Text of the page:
“I reject those accusations categorically,” said Adam Erelli at the State Department. “This is an Iraqi decision, by Iraqi courts, based on Iraqi authorities.” Ever at the ready, Ahmad Chalabi pointed to the judge who issued the warrants. “The U.S.-led administration promoted Maliki from junior lawyer to judge after he worked as an interpreter for U.S. forces,” he said.
Now Reuters reported new charges: “Formerly a darling of the Pentagon, Chalabi has fallen foul of his old paymasters who accuse him of supplying false intelligence over Iraq’s supposed weapons of mass destruction and of leaking secrets to Iran.” (8.10.04) Meanwhile thousands of Shi’ites demonstrated in Nassiriya, setting fire to the local office of the Iraqi National Accord, PM Allawi’s political party, and calling for his resignation. In Najaf demonstrators shouted. “Down, down Allawi,” “Allawi, you coward, you American agent.”
“No one in his right mind could call Saddam a Muslim,” said Shi’a cleric Muqtada al Sadr, whose Mehdi militia was fighting the U.S. military. “But what these people are doing is far worse than what Saddam did to Iraq.” (Aljazeera 8.15.04) As he spoke, the U.S. was bombing his militia in Najaf.
And in Baghdad, claiming they had come under attack, U.S. troops surrounded a mosque housing the offices of the Association of Muslim Scholars. “They know that Um al-Qura mosque only hosts the AMS, which always calls on people to be reasonable and not escalate the situation,” said a spokesman. “But at the same time, the AMS rejects the occupation and encourages Iraqis who want to overthrow it.”
On August 16th as proposed by UN envoy Lakhdar Brahimi, 1,300 political and religious leaders convened to pick a 100-member national council to oversee the interim government until the January elections. But even this agglomeration of Iraqis was pre-fabricated. Ghassan al-Attiya, former Governing Council member and now a member of the council’s preparatory committee, complained of the questionable makeup of the group: “Regrettably, it was the IGC’s ‘sharing out the cake’ attitude which determined the way the Preparatory Committee was put together in its final 100-member form,” he told Reuters. “The committee failed to approach opposition and marginal players in order to secure their serious, as opposed to token, participation at the conference … preserving the dominance of the same forces that used to control the IGC. This prompted a number of the outsiders who were invited to join the committee to decline. Others, myself included, accepted–in the hope that things could be put right from within the tent more effectively than from outside it …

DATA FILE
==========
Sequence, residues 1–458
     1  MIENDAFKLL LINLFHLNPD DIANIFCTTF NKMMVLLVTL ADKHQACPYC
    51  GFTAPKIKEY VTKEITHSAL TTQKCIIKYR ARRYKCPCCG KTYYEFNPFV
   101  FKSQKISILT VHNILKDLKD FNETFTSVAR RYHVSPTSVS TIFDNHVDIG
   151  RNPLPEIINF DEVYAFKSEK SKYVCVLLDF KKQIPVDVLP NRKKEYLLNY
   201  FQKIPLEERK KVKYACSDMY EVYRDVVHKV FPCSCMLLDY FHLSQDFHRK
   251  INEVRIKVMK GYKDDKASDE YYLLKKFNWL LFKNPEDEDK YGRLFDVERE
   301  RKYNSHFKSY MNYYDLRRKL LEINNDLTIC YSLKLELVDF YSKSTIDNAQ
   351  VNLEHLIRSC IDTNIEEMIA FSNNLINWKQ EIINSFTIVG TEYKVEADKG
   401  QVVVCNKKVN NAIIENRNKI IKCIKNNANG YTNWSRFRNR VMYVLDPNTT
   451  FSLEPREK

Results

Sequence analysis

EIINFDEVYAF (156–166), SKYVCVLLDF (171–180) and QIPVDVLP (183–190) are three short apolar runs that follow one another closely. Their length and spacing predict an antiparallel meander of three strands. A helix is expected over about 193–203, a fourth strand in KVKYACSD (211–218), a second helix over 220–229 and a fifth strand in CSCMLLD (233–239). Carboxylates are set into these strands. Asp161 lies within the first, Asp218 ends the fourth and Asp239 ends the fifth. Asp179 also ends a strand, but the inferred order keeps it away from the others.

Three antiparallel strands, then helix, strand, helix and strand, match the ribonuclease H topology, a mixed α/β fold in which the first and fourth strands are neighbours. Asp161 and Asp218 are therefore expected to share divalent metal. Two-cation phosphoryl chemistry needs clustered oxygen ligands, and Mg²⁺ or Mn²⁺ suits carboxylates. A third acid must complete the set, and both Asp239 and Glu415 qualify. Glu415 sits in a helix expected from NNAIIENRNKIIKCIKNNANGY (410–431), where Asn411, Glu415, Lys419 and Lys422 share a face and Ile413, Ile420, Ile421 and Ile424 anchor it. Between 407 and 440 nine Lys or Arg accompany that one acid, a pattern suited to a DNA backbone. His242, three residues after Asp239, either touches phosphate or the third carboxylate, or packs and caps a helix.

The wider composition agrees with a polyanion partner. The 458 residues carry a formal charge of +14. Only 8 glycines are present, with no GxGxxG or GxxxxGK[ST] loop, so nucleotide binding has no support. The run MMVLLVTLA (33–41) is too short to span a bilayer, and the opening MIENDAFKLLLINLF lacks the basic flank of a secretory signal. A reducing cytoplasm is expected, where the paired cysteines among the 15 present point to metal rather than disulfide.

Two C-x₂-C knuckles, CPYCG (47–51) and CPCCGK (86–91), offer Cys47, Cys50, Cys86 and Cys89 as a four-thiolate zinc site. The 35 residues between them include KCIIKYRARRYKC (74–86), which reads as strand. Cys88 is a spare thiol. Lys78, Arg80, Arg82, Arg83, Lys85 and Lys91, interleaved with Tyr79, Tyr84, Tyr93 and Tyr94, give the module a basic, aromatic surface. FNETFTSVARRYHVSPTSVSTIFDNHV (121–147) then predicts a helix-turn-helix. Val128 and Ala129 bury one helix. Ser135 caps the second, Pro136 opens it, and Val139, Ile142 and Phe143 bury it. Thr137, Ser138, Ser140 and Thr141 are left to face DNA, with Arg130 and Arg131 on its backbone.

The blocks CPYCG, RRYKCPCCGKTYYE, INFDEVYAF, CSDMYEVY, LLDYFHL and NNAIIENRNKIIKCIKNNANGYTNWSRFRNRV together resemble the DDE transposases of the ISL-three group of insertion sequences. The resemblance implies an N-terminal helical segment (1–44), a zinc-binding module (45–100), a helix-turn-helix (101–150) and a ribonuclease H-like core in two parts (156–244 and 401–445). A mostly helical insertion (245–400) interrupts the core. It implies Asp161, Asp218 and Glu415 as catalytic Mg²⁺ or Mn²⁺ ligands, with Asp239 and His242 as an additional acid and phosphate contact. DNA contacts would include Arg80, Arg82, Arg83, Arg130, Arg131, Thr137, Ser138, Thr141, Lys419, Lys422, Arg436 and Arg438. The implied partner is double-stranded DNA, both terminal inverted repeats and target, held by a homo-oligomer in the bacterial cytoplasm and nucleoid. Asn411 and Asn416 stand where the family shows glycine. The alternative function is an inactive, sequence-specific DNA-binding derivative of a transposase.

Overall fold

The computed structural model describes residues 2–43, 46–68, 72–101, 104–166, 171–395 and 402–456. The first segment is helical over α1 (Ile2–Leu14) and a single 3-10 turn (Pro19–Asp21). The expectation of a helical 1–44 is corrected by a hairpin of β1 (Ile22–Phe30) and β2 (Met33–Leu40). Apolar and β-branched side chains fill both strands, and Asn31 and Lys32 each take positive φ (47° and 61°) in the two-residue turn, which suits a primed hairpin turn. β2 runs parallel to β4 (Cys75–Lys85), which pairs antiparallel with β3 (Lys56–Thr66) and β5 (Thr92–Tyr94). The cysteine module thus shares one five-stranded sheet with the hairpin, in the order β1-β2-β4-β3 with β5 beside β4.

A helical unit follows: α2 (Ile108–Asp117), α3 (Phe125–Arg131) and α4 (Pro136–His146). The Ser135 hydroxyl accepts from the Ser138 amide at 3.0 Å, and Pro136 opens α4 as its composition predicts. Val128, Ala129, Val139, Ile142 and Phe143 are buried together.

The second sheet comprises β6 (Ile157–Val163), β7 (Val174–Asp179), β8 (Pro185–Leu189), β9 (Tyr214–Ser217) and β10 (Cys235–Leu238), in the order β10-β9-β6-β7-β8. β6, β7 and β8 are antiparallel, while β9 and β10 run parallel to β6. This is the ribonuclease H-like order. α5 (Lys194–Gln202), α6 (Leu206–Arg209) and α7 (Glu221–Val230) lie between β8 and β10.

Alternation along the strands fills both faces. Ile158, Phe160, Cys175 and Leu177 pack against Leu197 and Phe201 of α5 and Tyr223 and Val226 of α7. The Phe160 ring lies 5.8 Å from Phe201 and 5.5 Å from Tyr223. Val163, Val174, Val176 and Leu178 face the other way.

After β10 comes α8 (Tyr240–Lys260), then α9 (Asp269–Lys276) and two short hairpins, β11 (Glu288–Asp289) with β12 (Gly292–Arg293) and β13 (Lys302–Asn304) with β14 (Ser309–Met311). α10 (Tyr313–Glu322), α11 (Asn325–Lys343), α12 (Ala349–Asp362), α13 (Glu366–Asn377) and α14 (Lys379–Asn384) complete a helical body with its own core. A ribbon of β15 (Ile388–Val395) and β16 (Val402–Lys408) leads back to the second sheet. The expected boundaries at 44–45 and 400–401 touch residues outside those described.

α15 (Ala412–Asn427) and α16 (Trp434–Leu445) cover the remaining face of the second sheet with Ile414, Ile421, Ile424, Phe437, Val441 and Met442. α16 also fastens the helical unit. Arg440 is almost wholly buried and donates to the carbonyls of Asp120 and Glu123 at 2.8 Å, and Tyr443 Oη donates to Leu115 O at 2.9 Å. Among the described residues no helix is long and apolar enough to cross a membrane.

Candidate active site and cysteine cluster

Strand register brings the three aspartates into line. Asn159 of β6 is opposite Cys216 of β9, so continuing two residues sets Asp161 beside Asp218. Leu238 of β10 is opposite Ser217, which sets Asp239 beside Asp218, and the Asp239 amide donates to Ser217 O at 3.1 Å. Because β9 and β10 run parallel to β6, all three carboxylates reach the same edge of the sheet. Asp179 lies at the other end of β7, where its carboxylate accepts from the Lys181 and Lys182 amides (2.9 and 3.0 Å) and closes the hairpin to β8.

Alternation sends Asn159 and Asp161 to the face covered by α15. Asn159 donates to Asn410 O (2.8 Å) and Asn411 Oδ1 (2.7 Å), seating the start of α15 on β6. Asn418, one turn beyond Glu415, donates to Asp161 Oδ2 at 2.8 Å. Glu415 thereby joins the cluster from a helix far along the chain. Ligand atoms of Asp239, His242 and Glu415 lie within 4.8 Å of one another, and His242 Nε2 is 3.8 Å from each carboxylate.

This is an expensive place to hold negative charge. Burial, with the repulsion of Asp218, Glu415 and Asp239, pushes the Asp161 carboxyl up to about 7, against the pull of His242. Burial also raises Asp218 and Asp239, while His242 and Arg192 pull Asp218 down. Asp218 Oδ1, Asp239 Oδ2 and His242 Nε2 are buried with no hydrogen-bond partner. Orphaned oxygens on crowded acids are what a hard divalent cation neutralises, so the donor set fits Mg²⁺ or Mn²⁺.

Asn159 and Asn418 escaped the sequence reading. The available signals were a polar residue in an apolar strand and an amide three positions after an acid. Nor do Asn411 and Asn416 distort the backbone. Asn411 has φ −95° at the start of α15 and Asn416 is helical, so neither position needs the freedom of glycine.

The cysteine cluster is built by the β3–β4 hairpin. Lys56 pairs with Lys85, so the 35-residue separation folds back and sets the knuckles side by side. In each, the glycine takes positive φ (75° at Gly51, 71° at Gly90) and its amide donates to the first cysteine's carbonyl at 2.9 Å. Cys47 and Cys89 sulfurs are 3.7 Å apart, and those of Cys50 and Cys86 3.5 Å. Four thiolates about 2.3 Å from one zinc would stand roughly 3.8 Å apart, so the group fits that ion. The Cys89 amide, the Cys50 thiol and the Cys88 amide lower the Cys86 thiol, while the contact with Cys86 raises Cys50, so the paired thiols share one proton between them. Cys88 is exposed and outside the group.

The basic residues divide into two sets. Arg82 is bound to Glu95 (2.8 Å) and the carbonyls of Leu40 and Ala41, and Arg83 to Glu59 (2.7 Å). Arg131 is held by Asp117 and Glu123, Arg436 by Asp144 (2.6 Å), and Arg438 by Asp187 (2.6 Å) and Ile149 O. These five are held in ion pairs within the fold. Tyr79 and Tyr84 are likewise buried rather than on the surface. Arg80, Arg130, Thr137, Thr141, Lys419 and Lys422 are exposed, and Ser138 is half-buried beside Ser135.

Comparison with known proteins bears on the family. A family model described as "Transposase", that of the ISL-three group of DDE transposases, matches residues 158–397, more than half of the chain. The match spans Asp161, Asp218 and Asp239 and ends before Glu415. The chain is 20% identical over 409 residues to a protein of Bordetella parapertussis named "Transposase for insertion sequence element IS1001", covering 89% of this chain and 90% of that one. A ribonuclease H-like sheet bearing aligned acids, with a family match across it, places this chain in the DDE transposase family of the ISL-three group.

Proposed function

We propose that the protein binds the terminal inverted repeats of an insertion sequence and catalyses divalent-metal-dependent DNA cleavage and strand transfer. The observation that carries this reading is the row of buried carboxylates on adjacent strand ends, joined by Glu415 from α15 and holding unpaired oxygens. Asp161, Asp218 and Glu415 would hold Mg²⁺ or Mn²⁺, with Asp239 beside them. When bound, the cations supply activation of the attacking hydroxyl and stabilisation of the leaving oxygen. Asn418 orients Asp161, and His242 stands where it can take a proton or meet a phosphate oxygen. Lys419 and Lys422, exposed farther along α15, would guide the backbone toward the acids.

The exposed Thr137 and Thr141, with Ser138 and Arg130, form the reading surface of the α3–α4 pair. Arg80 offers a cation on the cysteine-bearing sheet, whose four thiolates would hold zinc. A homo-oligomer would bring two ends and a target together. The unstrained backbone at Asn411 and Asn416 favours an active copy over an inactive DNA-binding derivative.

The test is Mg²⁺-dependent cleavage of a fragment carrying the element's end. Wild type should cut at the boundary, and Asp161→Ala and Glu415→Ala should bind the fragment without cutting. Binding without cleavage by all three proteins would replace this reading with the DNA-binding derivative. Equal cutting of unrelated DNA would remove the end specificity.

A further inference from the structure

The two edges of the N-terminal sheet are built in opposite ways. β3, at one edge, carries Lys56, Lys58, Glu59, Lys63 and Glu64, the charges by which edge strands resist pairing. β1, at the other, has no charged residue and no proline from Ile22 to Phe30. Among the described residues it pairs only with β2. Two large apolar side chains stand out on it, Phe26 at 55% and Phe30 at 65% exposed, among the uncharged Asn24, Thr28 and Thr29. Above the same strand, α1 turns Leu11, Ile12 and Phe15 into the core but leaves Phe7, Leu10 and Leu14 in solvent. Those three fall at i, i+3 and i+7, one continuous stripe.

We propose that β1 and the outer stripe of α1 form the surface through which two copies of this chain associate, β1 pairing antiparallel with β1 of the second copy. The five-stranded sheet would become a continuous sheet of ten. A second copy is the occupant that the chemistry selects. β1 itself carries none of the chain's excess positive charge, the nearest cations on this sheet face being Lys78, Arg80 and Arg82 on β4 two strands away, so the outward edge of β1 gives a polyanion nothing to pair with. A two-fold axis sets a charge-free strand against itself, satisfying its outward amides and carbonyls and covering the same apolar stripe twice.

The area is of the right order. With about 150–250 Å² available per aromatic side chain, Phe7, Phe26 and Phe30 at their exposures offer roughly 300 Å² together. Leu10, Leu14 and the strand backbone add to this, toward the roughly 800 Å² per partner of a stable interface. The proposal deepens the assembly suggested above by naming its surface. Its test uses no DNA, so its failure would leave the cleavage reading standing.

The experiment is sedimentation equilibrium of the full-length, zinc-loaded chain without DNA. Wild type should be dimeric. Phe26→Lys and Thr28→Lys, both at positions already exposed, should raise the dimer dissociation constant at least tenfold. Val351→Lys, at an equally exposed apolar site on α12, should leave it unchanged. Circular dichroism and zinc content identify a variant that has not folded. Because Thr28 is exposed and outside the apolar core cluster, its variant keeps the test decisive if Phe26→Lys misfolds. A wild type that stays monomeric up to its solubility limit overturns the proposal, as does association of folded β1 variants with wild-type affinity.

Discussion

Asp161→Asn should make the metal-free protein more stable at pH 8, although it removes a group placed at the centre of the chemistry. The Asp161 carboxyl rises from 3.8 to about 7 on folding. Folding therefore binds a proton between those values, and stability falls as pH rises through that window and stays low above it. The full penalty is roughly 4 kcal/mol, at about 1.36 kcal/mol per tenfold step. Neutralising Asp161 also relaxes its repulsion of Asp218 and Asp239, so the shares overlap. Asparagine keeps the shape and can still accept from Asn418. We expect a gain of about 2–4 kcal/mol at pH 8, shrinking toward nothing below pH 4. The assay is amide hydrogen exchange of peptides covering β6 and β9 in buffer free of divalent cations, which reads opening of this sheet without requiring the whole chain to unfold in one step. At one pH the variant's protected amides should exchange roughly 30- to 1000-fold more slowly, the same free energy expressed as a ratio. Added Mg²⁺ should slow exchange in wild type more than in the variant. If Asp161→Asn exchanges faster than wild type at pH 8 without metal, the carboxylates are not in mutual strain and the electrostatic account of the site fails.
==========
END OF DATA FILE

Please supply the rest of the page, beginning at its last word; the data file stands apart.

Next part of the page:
“Yet when the decision was taken to form the committee, 20 former IGC members who were not given government or presidency jobs were automatically made members of it. They even had seats reserved for them on the unborn Advisory Council–whose 100 members are supposed to be elected by the 1,000 National Conference delegates.
“Four of the party leaders who sat on the IGC were also allowed to delegate their own representatives, a privilege not extended to other political figures. The leaders of the Dawa Party, Ibrahim Jafari, and the National Accord, Iyad Allawi, were given the right to represent their respective parties. Add to the list the Preparatory Committee Chairman Fuad Masoum, and the two former ministers serving on it, and at least one quarter of the membership of the body turns out to be a mere extension of the IGC.” (Al-Ahram Weekly 8.8.04)
Meanwhile Kurds were up in arms for an entirely different reason. According to the Kurdish weekly Jamawar, a new communique from the Iraqi Ministry of Defense stipulated “that the Kurdish language is not a national language, and must not be used in any establishment of the Ministry.” Indignant, the report stressed that “no Kurd among those who work in the Ministry has challenged the instruction.” The Transitional Administrative Law (TAL) named Kurdish as one of two official languages. (Kurdish Media 8.10.04)
Not surprisingly the Beirut-based Daily Star noted that that the “Kurdish leadership is being blamed by Iraqi Kurds for selling out to the Americans to maintain their stranglehold on political and economic power.” (8.13.04) Speaking of selling out, when forced to admit that the $10 billion needed to restore Iraq’s water system was nowhere to be found, Water Resources Minister Abdul Latif Rasheed, blamed “circumstances” and not the U.S. “I don’t think the Americans have let us down,” he told Reuters. “The circumstances have changed.” (8.9.04)
Money for Iraq’s water system was not all that was “nowhere to be found.” In late August an audit conducted by the Coalition Provisional Authority’s inspector general found that “$8.8 billion dispensed to Iraqi ministries by the former Coalition Provision authority under Paul Bremer” could not be accounted for. Irate, three Democratic Senators–Ron Wyden (D-OR), Tom Harkin (D-IA) and Byron Dorgan (D-ND)–sent a letter to Defense Secretary Donald Rumsfeld. “The CPA apparently transferred this staggering sum of money with no written rules or guidelines for ensuring adequate managerial, financial or contractual controls over the funds,” it read. “Such enormous discrepancies raise very serious questions about potential fraud, waste and abuse.” (Aljazeera 8.20.04)